by Diana Ngo
The Internet Society of the Netherlands (ISOC) has nominated D-CENT’s Freecoin project for the Internet Innovation Award 2016.
Freecoin, one of the free and open-source pieces of software part of the Decentralised Citizens ENgagement Technologies (D-CENT) project, is a set of tools that lets users run reward programs in a transparent and auditable manner.
The blockchain-enabled digital social currency was designed for participatory and democratic organizations that want to incentivize participation.
Led by Denis Roio, a researcher and software developer who has been involved in Bitcoin since the early days, Freecoin aims to leverage the use of social digital currencies in a reliable, simple and resilient way.
Roio, better known as Jaromil of Dyne.org, the D-CENT partner who has been designing and developing Freecoin, said that his team was honored by the nomination. “We are happy that our work on digital social currencies is being recognised already in such an early stage of development.”.
The ISOC Internet Award is an annual event that aims to reward the most innovative new Internet initiatives. On January 14, 2016, the ISOC, an international, non-profit organization that provides leadership in Internet-related standard, education and policy, will reward one of the ten nominees during the Internet New Year‘s event held in Amsterdam.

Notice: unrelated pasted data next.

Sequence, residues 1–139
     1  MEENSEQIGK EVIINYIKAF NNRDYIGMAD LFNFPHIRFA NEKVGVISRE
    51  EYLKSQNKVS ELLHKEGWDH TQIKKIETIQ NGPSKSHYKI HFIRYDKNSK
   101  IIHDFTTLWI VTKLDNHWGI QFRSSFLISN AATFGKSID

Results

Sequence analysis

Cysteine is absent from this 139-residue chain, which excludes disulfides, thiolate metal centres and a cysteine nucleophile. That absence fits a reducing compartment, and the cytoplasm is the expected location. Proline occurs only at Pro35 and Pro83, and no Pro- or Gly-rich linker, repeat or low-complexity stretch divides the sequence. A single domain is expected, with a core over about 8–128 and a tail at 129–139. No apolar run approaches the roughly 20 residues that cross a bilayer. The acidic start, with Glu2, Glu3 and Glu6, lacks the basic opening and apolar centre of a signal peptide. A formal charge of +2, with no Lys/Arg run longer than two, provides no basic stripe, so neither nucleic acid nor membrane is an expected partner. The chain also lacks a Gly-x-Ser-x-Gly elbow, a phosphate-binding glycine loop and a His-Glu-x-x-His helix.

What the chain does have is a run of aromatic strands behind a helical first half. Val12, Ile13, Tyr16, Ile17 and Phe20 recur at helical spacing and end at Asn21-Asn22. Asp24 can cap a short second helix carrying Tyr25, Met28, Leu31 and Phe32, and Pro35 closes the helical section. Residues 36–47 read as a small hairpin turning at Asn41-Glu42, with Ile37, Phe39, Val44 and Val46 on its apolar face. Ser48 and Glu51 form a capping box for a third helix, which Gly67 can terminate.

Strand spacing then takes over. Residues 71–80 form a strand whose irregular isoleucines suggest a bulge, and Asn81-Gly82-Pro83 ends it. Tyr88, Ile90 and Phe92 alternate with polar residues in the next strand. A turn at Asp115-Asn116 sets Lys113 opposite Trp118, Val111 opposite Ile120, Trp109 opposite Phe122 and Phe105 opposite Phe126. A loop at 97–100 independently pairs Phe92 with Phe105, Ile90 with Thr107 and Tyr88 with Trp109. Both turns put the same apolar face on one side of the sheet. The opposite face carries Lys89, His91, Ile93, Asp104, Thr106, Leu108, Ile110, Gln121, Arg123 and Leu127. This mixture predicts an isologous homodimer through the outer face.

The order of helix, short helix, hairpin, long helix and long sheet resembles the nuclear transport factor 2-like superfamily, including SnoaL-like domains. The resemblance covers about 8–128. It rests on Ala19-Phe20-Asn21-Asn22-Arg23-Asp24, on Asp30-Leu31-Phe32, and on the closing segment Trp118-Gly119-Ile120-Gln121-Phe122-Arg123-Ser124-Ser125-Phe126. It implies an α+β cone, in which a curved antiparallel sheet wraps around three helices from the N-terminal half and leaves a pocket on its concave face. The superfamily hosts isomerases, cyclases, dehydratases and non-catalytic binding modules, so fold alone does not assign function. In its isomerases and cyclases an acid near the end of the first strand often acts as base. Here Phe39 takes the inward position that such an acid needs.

The D-CENT project is a Europe-wide experimental initiative that seeks to provide civil society with digital tools for direct democracy and economic empowerment.
More specifically, D-CENT aims to create a set of tools using open source and distributed technology to allow people to discuss, share content and engage in mass scale deliberation.
The project has received €1.905 million from the European Commission to support the development of a distributed, federated and privacy-aware social networking platform where citizens would be able to engage in deliberation, collective judgments and voting.
D-CENT’s codebase will be described by open specifications and released under an open source license so future developers will be able to easily write API-based apps on top of the codebase and add new modules.
Last week, D-CENT showcased some of its tools in London in an event hosted by Nesta. The event aimed to explore the potential for digital democracy in the UK and featured live demos of the technology with key insights learnt from four pilots experimentations in Barcelona, Reykjavik, Helsinki and Madrid.
These pilots include the ‘Social Kronas,’ a blockchain-powered reward system for political participation in the Municipality of Reykjavik, a decentralized social remuneration system to reward the contributions of the members of Helsinki Urban-Cooperative Farm, and a decentralized currency for the cultural sector called Commoncoin in Milan.